Overall the data indicates that chronic gum disease may contribute to the development of heart disease, the nation’s leading cause of death in both men and women.

HOW DOES THIS HAPPEN?

Gum disease is a bacterial infection that can affect conditions outside your mouth. In heart disease, one theory is that gum disease can cause bacteria to enter the bloodstream where they attach to the fatty deposits in the heart blood vessels. This condition can cause blood clots and may lead to heart attacks.

The Surgeon General’s Report on Oral Health states that good oral health is integral to general health. So be sure to brush and floss properly and see your dentist for regular checkups.

To maintain the best oral health, you should:

  • Establish and maintain a healthy mouth. This means brushing and flossing daily and visiting your dentist regularly.
  • Make sure your dentist knows you have a heart problem.
  • Carefully follow your physician’s and dentist’s instructions, and use prescription medications, such as antibiotics, as directed.

If you have certain pre-existing heart conditions, you may be at risk for developing bacterial endocarditis – an infection of the heart’s inner lining or the valves. Anytime there is bleeding in the mouth, certain oral bacteria can enter the blood stream and may settle on abnormal heart valves or tissue weakened by an existing heart problem or heart condition. In these cases, the infection can damage or even destroy heart valves or tissues.

There are precautions you need to take if you have any of the following conditions:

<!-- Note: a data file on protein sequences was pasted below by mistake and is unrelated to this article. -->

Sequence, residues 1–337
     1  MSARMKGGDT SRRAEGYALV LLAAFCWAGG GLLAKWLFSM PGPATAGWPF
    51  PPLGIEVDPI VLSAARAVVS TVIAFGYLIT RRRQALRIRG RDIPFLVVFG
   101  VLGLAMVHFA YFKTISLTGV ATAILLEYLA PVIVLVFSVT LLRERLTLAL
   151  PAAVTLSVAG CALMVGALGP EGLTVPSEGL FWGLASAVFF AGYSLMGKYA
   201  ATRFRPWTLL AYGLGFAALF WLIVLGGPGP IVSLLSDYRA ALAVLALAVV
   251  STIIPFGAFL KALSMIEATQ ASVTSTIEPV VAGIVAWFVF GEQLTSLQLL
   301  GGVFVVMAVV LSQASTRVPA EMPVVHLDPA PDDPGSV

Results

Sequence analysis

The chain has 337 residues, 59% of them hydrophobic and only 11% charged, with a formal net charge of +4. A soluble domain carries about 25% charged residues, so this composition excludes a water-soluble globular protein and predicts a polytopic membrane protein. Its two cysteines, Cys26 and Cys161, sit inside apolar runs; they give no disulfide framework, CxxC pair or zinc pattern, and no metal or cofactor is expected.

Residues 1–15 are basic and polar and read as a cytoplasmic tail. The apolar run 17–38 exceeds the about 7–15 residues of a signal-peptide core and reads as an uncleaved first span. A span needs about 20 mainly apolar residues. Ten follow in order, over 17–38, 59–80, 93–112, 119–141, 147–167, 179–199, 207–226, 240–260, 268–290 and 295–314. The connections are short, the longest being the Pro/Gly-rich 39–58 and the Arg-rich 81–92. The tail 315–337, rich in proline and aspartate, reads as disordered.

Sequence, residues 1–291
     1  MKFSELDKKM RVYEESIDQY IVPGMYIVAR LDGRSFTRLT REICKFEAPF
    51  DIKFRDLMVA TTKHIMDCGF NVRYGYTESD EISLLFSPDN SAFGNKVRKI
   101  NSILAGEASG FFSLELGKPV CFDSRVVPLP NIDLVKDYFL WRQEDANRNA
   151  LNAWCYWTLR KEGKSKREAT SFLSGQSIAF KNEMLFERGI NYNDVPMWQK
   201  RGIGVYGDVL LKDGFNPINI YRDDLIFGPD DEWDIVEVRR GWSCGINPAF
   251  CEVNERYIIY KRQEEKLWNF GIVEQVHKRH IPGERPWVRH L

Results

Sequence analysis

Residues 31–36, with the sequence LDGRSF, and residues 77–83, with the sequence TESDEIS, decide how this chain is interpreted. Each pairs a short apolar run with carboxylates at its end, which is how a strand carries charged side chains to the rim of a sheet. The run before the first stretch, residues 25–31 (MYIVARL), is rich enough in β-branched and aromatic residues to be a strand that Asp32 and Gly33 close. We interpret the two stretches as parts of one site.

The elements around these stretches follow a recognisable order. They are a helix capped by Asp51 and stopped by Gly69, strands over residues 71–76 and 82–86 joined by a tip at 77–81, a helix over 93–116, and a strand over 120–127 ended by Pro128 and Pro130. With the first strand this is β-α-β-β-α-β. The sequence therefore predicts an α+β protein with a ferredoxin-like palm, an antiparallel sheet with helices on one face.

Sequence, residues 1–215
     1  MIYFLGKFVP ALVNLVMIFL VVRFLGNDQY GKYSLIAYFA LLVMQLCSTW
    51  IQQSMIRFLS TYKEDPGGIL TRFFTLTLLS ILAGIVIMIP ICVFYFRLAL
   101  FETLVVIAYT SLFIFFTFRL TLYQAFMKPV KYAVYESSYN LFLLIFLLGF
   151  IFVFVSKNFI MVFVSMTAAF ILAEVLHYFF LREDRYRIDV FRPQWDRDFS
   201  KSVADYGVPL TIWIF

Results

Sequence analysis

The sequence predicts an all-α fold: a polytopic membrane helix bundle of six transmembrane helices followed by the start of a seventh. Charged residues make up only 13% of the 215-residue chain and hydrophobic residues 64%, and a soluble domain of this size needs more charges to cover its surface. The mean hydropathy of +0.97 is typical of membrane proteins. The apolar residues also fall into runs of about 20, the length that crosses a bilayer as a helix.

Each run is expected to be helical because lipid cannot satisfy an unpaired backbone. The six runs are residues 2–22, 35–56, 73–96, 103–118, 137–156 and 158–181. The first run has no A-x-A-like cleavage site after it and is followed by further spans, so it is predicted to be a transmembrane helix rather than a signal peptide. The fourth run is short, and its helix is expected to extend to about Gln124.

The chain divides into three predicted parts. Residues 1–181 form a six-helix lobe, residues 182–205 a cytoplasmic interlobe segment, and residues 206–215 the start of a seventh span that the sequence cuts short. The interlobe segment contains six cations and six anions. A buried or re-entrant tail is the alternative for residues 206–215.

• Artificial (prosthetic) heart valves
  • A history of endocarditis
  • Congenital heart or heart valve defects
  • Heart valves damaged (scarred) by conditions such as rheumatic fever
  • Mitral valve prolapse with a murmur
  • Hypertrophic cardiomyopathy

Be sure to tell your dentist if you have a heart condition, and what, if any, medications you are taking for it. Your dentist will record important health information in your record and coordinate treatment with your physician.

GOOD ORAL HYGIENE

Good oral hygiene results in a mouth that looks and smells healthy. This means:

  • Your teeth are clean and free of debris
  • Gums are pink and do not hurt or bleed when you brush or floss
  • Bad breath is not a constant problem

If your gums do hurt or bleed while brushing or flossing, or you are experiencing persistent bad breath, see your dentist. Any of these conditions may indicate a problem.

Your dentist or hygienist can help you learn good oral hygiene techniques and can help point out areas of your mouth that may require extra attention during brushing and flossing.

HOW IS GOOD ORAL HYGIENE PRACTISED?

Maintaining good oral hygiene is one of the most important things you can do for your teeth and gums. Healthy teeth not only enable you to look and feel good, they make it possible for you to eat and speak properly. Good oral health is important to your overall well-being.

Daily preventive care, including proper brushing and flossing, will help stop problems before they develop and is much less painful, expensive, and worrisome than treating conditions that have been allowed to progress. In between regular visits to the dentist, there are simple steps that each of us can take to greatly decrease the risk of developing tooth decay, gum disease and other dental problems. These include:

  • Brushing thoroughly twice a day and flossing daily
  • Eating a balanced diet and limiting snacks between meals
  • Using dental products that contain fluoride, including toothpaste
  • Rinsing with a fluoride mouthrinse if your dentist tells you to
  • Making sure that your children under 12 drink fluoridated water or take a fluoride supplement if they live in a non-fluoridated area.